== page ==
How should ordinary citizens concerned about the war in Afghanistan respond to the recent controversy and change of command in the International Security Assistance Force? For most people, the basic judgments about recent events are uncontroversial. President Obama acted responsibly as commander in chief of the United States military by removing General McChrystal and replacing him with General Petraeus. General McChrystal’s actions threatened to undermine the war effort by revealing deep rifts between the military officers who put strategy into action and the civilian authorities who craft the policies and negotiate the broader political relationships that, in the end, are essential to our success in this conflict. General McChrystal was justly punished for his indiscretion. General Petraeus was a wise choice to replace him insofar as General Petraeus will insure the maximum amount of command continuity possible in such a difficult and changing situation.
While most of these judgments are uncontroversial, many people still regard the upheaval of these last few days as significant and momentous. For many citizens, these events call attention to—and provoke anxiety about—what they regard as the fundamental confusion of our counterinsurgency effort as a whole. According to recent polls, the majority of Americans believe things are going badly in Afghanistan. They are unclear about exactly what state of affairs our military and civilian leadership are trying to bring about. They find it difficult to express in a concrete, satisfying way what “victory” might look like. For this reason, many Americans are increasingly critical of the war and distrustful of the claims ouir leaders make about it. The momentary spike in popular confidence at the beginning of the troop surge in Afghanistan has collapsed. Upon us are the days when the public must come to terms with the demands of a slow, expensive, and inglorious counterinsurgency conflict that promises no ecstatic victory, but only a closely managed mess with profound security implications. The recent fluctuation in leadership in this conflict is, of itself, relatively insignificant. The larger frustration to which it points will be with us for some time.
Democratic publics are notoriously bad at remaining dedicated to “small wars,” especially if they are fought far away, do not promise fundamental security transformations, and involve ongoing casualties. It is difficult for most citizens to support a war if they cannot reasonably believe that the future result will be a cooperative, basically liberal regime capable of establishing and abiding by the rule of law. For the most part, no one expects a situation of this sort to develop in Afghanistan or Pakistan in the near future. Neither of these countries have the social prerequisites upon which liberal regimes have historically depended. Furthermore, American citizens perceive intuitively that the people of Afghanistan and Pakistan are unlikely to believe that cooperating with the United States is in their long term interests, even if it is.
Barring a “victory” in this sense—where the governments of these countries are empowered effectively to contain or destroy the recalcitrant elements of their societies and impose the rule of law—what the United States faces is a future of quasi-imperial “management.” This situation, in which US military personnel play an ongoing role in subduing insurgent forces in distant lands (and often with only the tacit cooperation of local governments), is one that democratic publics tend to reject in principle (as overtly imperialistic) and in practice (as involving more problems than clear gains). Many citizens regard large-scale military activities of this sort as a threat to democracy itself. Our ongoing involvement in the conflict in Afghanistan seems therefore to threaten more than the lives and well-being of young soldiers; it seems to threaten the very moral constitution of American democracy itself.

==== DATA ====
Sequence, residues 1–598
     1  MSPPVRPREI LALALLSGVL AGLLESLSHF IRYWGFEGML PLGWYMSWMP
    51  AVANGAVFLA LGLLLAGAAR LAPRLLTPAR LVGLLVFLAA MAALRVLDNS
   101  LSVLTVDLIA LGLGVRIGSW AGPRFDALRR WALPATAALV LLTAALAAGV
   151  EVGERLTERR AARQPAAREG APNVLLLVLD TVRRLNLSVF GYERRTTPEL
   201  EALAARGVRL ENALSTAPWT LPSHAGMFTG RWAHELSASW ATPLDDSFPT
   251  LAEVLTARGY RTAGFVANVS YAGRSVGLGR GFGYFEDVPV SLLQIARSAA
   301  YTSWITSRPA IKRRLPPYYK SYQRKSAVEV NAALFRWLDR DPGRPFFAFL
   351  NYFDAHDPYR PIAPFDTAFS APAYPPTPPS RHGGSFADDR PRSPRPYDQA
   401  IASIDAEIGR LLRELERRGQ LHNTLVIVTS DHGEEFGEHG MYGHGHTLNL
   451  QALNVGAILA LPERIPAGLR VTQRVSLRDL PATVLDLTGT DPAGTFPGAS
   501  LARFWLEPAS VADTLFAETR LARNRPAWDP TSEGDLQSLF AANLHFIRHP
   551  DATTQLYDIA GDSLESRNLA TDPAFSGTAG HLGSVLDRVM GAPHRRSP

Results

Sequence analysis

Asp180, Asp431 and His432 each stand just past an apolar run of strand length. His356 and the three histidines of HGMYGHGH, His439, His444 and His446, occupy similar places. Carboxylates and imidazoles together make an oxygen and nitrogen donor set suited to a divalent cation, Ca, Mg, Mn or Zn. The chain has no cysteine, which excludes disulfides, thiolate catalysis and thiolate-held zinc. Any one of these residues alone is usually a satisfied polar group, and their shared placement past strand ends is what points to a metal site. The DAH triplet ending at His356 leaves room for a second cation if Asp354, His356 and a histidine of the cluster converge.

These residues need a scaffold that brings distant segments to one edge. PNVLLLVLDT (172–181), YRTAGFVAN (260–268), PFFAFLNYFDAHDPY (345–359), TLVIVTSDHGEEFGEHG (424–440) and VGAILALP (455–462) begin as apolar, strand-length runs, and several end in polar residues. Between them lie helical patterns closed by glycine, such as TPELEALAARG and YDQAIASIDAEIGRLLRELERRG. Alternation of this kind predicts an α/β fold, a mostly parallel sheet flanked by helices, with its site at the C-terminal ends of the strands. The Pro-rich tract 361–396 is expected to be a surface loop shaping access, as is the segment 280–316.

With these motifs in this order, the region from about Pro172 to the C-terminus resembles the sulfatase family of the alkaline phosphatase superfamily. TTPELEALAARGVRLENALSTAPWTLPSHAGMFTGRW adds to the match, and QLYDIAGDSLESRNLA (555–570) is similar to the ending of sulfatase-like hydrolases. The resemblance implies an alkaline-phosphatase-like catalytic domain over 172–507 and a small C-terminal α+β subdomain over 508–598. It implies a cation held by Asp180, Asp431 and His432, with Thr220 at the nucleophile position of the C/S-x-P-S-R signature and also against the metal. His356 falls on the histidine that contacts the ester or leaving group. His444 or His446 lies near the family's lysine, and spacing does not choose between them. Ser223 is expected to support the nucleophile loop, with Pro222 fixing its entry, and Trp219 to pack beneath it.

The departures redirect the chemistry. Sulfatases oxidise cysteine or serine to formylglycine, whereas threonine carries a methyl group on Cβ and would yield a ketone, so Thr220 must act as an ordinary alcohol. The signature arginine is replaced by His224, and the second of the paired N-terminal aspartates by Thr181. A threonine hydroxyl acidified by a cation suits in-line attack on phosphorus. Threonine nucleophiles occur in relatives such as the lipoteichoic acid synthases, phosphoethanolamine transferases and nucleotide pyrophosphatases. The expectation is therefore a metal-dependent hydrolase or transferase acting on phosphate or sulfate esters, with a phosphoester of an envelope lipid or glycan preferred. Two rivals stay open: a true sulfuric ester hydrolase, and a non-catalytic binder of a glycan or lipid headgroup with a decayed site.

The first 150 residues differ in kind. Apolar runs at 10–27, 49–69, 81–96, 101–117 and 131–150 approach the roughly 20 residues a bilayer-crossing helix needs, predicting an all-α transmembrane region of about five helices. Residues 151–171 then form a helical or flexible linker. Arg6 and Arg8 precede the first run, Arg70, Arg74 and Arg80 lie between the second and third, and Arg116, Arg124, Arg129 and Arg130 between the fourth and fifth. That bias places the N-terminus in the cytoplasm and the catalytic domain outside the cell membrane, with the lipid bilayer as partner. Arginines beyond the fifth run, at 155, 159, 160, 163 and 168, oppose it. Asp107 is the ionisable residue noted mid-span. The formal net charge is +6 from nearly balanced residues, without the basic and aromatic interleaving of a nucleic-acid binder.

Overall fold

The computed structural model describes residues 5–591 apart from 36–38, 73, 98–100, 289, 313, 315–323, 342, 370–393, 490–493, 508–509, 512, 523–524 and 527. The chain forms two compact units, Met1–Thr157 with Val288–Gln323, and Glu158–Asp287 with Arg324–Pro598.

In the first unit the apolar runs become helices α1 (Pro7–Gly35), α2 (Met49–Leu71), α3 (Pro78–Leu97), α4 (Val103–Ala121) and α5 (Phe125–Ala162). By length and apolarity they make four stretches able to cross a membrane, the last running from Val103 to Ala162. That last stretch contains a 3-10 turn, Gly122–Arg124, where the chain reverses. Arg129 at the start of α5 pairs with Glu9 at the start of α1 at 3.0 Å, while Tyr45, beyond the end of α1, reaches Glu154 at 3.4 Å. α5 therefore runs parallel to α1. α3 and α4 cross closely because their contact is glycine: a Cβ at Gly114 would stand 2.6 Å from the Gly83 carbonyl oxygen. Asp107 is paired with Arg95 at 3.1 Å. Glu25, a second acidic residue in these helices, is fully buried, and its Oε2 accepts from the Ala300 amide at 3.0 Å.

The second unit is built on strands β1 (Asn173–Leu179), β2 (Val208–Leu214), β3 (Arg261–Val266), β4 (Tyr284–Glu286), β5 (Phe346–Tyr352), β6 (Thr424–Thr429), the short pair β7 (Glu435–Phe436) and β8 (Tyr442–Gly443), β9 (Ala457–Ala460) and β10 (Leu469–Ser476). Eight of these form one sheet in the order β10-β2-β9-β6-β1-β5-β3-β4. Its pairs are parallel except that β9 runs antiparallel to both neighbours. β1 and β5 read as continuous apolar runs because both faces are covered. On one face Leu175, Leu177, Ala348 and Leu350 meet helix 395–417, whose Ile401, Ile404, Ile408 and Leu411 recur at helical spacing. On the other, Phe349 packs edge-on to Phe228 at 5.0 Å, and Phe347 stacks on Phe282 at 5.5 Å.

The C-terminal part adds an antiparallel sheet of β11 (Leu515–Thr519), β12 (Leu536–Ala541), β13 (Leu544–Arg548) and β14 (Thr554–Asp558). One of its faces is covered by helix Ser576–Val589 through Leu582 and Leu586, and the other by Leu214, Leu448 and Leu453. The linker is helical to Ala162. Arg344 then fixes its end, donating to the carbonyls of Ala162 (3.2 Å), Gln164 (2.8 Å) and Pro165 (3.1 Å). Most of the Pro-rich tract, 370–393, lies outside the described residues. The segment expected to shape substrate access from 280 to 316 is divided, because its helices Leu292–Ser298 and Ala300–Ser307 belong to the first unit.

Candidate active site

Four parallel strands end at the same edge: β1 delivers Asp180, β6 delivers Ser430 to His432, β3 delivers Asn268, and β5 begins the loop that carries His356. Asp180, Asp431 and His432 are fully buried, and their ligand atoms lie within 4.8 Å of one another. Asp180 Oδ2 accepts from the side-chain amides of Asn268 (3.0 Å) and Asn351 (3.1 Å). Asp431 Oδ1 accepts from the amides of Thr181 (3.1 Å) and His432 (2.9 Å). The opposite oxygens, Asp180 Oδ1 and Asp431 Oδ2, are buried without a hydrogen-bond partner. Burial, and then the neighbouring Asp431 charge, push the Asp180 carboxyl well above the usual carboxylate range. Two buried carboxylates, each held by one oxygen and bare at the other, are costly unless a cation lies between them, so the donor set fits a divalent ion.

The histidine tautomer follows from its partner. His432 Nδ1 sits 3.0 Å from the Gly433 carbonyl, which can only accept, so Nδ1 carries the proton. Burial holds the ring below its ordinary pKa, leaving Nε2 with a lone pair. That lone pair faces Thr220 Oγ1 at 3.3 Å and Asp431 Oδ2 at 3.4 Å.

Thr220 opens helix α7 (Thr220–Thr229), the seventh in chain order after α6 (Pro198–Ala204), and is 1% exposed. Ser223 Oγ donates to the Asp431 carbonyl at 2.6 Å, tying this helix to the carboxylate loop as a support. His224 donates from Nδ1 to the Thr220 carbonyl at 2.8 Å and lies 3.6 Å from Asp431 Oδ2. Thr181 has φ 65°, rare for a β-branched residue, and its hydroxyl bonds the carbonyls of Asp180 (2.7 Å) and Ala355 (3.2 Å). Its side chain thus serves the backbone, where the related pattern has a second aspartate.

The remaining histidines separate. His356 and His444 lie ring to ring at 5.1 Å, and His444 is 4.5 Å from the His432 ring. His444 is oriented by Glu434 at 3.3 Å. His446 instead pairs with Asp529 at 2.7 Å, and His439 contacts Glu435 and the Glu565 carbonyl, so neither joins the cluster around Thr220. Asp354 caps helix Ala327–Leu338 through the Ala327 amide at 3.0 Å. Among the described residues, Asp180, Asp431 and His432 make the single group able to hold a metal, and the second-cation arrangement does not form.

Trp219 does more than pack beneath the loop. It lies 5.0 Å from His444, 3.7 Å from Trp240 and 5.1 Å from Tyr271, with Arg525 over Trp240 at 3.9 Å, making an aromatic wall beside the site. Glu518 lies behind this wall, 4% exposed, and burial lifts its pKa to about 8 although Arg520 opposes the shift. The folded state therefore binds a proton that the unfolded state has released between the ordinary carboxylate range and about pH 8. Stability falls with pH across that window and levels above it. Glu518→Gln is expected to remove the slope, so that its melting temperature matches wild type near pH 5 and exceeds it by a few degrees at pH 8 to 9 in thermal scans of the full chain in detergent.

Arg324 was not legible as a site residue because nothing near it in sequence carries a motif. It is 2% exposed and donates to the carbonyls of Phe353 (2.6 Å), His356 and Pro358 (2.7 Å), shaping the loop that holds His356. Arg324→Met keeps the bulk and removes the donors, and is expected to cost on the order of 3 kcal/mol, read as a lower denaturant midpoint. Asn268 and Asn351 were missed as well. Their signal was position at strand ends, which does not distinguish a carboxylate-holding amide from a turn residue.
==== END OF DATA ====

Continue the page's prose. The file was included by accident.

But what, really, are the choices here? Even granting the legitimacy of the above concerns (which may be both premature and misplaced), the United States still faces a situation in central Asia where many people are actively working to carry out terrorist attacks in the United States and Europe. It still faces a situation where the Pakistani government could be overthrown and its nuclear materials seized by unscrupulous people. As legal scholar Philip Bobbitt has argued powerfully in his book Terror and Consent, if a terrorist organization were to acquire and detonate a nuclear device against civilians, it would fundamentally transform democratic politics as we know it.
This places the citizens of the United States in a clear bind. In order to secure the situation in central Asia as effectively as possible, they must accept a role for their military in the imperial management of an inherently disappointing situation that will require blood, guns, and money for an indefinite future. In choosing to commit to that situation, however, they must evolve new forms of democratic self-awareness that will prevent their society from accepting such imperial self-assertion too easily.
The controversy over General McChrystal will change little in Afghanistan. It is, if anything, a distraction. It distracts citizens by making them believe the war will be “won” or “lost” depending upon the military leadership that guides it. The real challenge is whether Americans understand adequately the political future they are committing themselves to in the decisions of their civilian representatives. To succeed in Afghanistan, US citizens must look beyond the vicissitudes of military leadership to the form of ordered peace they desire their military power to bring about.
Howard Rhodes is assistant professor of religious studies at the University of Iowa, where he teaches in the areas of international relations and the ethics of war.